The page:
Yes that’s what the headline says, and no I am not looking for attention. This election was about the American people versus American politics, and the people won. Don’t get me wrong. This is going to be the ultimate in Pyrrhic victories. The people who are going to suffer the most will be Trumps voters when they realise that they have been sold the biggest bill of goods in American political history.

The border wall will not get built, there will be no mass deportations (although life is about to get harder for America’s undocumented workers) and the banks/Wall Street will not be brought to heel. Most of all, the trend that has seen the livelihoods of middle-class (in reality, working class) Americans reduced over the last 40 years, will not be reversed.

Forty years ago the majority of American families could get by on one income provider. Moreover, that same income provider could fulfil their role having only a single job. Forty years ago credit cards were virtually unheard of. Forty years ago the working class was not burdened by anything approaching the level of personal debt it currently holds. Forty years ago the working class was both doing well and knew that it was doing well.

Forty years ago the working class was doing so well it started calling itself the middle class and forgot that it was still comprised of wage slaves.

Wage slavery is not and should not be a term of abuse. It’s a simple description of those of us who absolutely require a wage to maintain our standard of living. That’s most of us. In one sense we truly are the middle-class because there are only three layers in any capitalist economy and we are neither top nor bottom. There are those who can afford to live off their capital assets in one form or another: be they shares, property, land or other forms of investment. That’s the top layer. Immediately below are the wage slaves. The final, bottom layer is made up of those who are basically excluded from the capitalist system entirely.

Within this structure, Donald Trump did not just beat Hillary Clinton in the race to the White House. Donald Trump managed to beat the entire Republican and Democratic machines. For Hillary in the election read Jeb Bush in the primaries. Bush and Clinton were mirrors of each other, moneyed-up establishment choices from a “presidential family”. Hillary and Jeb both made the same mistake in assuming that their base had nowhere else to go. When Trump slapped Bush aside in the Primaries, the Democrats should have sat up and taken notice, even more so because Trump didn’t win by playing well, quite the opposite. From beginning to end there has never been a political operator as inept as Trump. He had no organisation, little real money, and a superhuman ability to shoot himself in the foot.

Despite all of this he won. He won for one reason only. He’s not part of the machine. All the Republicans in the primary and the Democrats in the main election made the same mistake as Clinton and Bush. They were guilty of assuming that it was their turn, or if not, it could be their turn the next time. Hillary Clinton should have realised that it was never going to be “her turn” eight years ago, when a virtually unknown African American senator trounced her within her own base. Nevertheless, Hillary it was, all the time exuding an air of expecting her inevitable coronation in November.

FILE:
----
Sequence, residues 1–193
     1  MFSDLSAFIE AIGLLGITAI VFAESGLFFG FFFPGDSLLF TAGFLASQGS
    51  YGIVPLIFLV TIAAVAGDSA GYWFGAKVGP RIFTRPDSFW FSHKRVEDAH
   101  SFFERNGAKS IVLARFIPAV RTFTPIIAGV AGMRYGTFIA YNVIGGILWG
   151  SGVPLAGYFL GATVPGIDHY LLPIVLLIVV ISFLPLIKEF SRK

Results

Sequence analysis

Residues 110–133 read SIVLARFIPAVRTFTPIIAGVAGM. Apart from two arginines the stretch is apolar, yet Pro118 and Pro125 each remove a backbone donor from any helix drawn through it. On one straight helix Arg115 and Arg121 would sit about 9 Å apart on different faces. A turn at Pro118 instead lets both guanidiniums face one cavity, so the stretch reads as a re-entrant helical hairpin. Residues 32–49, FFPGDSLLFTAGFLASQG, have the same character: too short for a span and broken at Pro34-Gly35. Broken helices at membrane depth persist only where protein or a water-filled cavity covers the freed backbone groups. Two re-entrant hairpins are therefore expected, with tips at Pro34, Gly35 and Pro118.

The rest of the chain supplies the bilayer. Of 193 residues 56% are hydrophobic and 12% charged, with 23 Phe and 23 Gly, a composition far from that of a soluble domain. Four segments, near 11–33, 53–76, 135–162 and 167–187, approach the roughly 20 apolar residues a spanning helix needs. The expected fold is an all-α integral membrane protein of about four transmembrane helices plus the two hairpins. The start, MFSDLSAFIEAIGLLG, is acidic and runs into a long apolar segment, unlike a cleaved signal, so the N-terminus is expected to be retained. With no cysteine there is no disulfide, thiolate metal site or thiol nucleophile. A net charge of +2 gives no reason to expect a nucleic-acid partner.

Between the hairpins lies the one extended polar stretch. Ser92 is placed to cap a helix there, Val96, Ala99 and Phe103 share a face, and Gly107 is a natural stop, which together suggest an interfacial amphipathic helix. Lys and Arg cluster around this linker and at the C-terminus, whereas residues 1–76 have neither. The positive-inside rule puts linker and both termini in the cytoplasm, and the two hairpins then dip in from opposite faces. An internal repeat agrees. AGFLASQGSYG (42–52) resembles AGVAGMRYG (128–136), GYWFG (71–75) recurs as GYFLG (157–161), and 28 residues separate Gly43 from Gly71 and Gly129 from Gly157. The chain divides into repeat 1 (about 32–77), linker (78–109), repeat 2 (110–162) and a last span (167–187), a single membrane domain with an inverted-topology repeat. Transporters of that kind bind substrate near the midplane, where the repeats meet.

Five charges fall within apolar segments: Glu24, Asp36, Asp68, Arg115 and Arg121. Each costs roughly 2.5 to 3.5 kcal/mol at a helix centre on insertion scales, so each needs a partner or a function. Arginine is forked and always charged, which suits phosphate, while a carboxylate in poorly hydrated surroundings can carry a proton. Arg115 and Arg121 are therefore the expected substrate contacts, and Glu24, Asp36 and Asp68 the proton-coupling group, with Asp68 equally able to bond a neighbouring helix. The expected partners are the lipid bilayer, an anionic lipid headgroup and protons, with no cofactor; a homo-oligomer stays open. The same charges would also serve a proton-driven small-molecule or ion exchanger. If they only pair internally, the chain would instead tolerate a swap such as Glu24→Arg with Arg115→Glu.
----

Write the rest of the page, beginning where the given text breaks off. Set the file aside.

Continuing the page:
Writing in the Guardian Newspaper in the immediate aftermath of the election, the American political commentator Thomas Frank rightly condemned the Democratic organisation for choosing and pushing a candidate who served the needs of the party rather than one who could have actually appealed to the American people.

Bernie Sanders was the real populist in 2016, not Trump. To thwart him, the DNC rallied around their chosen daughter with a brutal efficiency. Trump on the other hand, came through a fragmented field of numerous boilerplate candidates in order to subvert the Republicans. If the RNC had been as ruthless as their democratic counterparts, we would now be looking at president Ted Cruz, and for that at least, we should all be thankful.

The great thing about the election of Donald Trump is this. There is a lesson here for working class, liberal Americans. Your party doesn’t serve your interests. Your party has not served your interests for decades. Your party assumes that you will vote for them simply because they are not the Republicans. Your party has held the White house for four of the last six cycles and has done nothing to reverse the flow of money from the working class to those at the top of the capitalist pyramid. Under Democratic presidents and Republican presidents alike, working class Americans have seen their wages drop in real terms, their job-security diminished, and their levels of personal debt rise to unfeasible levels.

Donald Trump will not fix this. Trump is, when all is said and done, a clownish demagogue with delusions of grandeur. Even if he had the will and the nous, which he does not, the machine will now simply swallow him up. The Republicans will pursue their own standard agenda via their control of both houses. The Democrats will do nothing. They will simply wait for the inevitable economic downturn that the cyclical of capitalism always provides. When that happens they will point the finger at the outsider in the Oval Office and hope, as a result, to take their turn at the wheel once more. As all of this happens, the gradual transfer of wealth to the upper tier of the capitalist system will continue. It will never stop until both lessons of this election have been learned. Lesson one: A man outside of the system can be president, even a man as unfit to govern and as ludicrous as Trump. Lesson two: Until the left stops voting for the Democratic Party nomination simply because they feel they have no choice, they will never threaten the system which is slowly crushing the life out of them.